For instance, Tsinghua Unigroup, a state-owned enterprise, recently bought two of the top four Chinese fabless companies—in 2013, it acquired Spreadtrum for $1.7 billion and RDA Microelectronics for $0.9 billion—and aims to combine them into a single entity. The new policy framework specifically encourages consolidation within China’s assembly-and-test market segment.
Implications for semiconductor players
China released the high-level framework for its new national semiconductor policy in June 2014; the details and the long-term effects of its new approach to developing the industry remain to be seen. Will it lead to a world-class semiconductor industry, or will Chinese semiconductor companies continue to lag behind global players? Three medium-term effects seem likely.
1. Pressure for localization will increase
China’s strong desire for national champions may further tilt the system in favor of local players. According to industry estimates, Chinese original-equipment manufacturers will design more than half of the world’s phones in 2015. Under the national-champions model, they may be encouraged to take advantage of domestic suppliers’ low-cost strategies and strong local technical support.
2. More partnership opportunities will arise for second-tier players
Many of the Chinese government’s previous policies have not offered opportunities for global players to benefit. However, government leaders in China’s semiconductor sector are now beginning to realize that the country needs to partner with global technology companies to improve the local talent base and supply chain. As a result, they are more open than ever to “win–win” engagements between global players and national champions.
3. Chinese companies will become more aggressive in pursuing international mergers and acquisitions
Indeed, it would be quite difficult for Chinese players to build a complete and competitive semiconductor value chain without capitalizing on foreign assets; collaborations between Chinese and global players probably will not be enough to meet the country’s objectives. We should expect China to continue to actively seek opportunities to acquire global intellectual property and expertise, usually with the intent of transferring them back home.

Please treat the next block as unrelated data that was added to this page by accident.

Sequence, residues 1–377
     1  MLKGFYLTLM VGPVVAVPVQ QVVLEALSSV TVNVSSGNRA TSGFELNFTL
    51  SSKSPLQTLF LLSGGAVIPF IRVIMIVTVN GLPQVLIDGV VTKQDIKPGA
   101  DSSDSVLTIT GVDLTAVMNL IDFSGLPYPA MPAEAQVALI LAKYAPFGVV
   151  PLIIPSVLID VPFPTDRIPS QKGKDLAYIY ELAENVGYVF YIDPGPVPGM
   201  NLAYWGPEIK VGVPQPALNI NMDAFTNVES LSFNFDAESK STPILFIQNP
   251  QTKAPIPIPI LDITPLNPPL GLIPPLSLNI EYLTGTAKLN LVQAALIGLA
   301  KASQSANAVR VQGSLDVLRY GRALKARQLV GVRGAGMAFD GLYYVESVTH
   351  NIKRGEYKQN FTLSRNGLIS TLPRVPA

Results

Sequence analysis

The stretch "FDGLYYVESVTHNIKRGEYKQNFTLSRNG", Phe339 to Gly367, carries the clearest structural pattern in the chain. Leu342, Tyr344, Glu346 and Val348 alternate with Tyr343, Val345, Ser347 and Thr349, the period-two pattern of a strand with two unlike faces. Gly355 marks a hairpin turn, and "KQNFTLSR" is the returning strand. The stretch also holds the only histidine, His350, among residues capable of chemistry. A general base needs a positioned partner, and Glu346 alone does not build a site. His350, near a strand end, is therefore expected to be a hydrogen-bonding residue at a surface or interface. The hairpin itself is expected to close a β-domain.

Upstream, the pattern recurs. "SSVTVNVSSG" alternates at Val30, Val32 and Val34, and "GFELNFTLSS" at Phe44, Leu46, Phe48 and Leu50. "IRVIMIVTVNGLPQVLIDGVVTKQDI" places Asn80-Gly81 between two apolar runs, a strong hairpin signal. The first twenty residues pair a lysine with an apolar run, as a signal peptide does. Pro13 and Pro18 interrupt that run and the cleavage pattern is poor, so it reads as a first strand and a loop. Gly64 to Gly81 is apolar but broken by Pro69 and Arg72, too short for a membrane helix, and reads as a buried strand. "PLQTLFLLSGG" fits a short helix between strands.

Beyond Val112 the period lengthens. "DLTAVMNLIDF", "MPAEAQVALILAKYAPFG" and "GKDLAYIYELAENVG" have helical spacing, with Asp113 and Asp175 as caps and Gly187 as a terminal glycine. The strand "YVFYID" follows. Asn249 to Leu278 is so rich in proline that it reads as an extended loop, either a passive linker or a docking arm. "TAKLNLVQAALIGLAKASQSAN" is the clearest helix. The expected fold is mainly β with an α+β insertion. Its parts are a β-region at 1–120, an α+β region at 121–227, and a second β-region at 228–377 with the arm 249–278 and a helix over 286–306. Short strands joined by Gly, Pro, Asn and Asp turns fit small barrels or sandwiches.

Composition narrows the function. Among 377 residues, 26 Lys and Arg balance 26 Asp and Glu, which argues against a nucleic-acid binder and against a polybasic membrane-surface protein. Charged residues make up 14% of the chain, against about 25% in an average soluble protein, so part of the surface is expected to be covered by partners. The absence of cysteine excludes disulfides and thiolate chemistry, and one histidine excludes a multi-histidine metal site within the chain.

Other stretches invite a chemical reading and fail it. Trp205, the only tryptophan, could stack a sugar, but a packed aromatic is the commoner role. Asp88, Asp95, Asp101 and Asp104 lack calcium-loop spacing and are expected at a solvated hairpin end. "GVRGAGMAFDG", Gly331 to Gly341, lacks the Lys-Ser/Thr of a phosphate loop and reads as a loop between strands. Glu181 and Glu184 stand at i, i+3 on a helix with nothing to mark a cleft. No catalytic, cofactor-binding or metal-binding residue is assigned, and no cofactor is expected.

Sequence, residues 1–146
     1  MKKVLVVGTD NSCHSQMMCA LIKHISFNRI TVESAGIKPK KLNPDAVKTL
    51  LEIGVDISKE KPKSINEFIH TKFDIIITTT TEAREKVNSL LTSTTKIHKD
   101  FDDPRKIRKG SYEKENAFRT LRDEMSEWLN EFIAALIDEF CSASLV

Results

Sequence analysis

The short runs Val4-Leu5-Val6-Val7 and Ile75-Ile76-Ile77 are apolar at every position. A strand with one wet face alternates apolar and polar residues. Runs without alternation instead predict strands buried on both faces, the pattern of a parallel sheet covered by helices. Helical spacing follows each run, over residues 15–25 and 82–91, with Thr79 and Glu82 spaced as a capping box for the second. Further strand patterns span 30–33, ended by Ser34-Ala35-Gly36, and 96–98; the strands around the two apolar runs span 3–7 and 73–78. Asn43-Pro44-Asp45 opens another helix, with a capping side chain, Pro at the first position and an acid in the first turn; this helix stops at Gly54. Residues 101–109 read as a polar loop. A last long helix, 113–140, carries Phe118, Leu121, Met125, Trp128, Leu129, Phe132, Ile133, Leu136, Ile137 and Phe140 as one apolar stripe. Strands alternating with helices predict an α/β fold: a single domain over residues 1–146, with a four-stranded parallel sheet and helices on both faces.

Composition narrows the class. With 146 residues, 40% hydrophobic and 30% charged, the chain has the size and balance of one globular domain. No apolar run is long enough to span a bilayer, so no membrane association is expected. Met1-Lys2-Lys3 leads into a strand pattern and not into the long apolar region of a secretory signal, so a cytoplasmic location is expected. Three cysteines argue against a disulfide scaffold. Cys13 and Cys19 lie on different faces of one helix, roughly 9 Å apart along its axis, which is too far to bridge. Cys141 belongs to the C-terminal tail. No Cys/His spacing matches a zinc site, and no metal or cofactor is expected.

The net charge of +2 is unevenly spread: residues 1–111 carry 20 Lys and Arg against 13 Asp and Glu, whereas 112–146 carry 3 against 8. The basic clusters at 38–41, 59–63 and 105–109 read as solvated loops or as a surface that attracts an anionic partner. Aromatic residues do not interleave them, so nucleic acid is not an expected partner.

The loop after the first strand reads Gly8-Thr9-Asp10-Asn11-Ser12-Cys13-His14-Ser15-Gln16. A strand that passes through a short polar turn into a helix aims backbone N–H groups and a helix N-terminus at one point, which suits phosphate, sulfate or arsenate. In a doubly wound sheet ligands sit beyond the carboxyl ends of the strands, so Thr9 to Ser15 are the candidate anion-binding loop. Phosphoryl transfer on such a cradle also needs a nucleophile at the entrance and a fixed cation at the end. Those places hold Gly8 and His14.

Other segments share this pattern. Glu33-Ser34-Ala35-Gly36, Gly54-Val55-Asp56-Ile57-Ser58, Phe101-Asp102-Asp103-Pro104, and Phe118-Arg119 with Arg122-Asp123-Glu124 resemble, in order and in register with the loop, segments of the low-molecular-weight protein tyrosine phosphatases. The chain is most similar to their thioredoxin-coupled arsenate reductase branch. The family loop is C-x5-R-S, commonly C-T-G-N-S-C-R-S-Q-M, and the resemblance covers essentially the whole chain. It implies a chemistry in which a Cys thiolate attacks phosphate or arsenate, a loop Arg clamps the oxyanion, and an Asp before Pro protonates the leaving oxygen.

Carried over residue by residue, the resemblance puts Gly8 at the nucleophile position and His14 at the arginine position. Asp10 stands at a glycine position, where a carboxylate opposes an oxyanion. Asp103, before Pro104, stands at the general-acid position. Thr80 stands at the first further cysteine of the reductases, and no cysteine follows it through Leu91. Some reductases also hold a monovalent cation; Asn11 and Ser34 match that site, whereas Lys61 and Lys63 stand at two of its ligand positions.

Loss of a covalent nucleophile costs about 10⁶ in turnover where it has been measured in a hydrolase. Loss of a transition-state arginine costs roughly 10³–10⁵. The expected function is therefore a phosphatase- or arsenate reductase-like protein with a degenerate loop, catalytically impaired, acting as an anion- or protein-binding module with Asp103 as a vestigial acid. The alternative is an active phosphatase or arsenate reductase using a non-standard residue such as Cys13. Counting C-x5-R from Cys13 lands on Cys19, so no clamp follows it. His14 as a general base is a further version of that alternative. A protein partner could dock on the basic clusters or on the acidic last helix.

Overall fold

How should multinational players respond?
Most global semiconductor players have invested heavily in their Chinese operations over the years, but many are still operating below their potential, especially in functions beyond sales and marketing. Considering the emerging policy and business trends we’ve just discussed, we believe it’s a good idea for leaders to inventory their company’s current position in China.
This process should start with the most timely and immediate concern—the potential effects of changing Chinese policy. Questions for reflection might include: How will you align your operations with the Chinese government’s new plans? Are your relationships in China strong and deep enough to provide you some warning of potential risk as a result of domestic-policy changes?
Market-level questions might include the following: Given the different buying factors and supplier-management philosophies of Chinese customers, do you still have a winning product road map? Can you respond to the emerging needs of Chinese-based customers as fast as a local company can? Have you followed your global customers as they set up design centers on the mainland?
Capabilities-level questions might include the following: How are you leveraging Chinese manufacturing and design talent to win in China—or to win globally? Are your leaders in China as strong and empowered as they are in your home region? Do your global leaders have enough connections in, experiences with, and insights about the Chinese market? How robust is your talent pipeline in China?
There is no one right answer to any of these questions; depending on its role and standing in the market, every company faces its own unique challenges in China.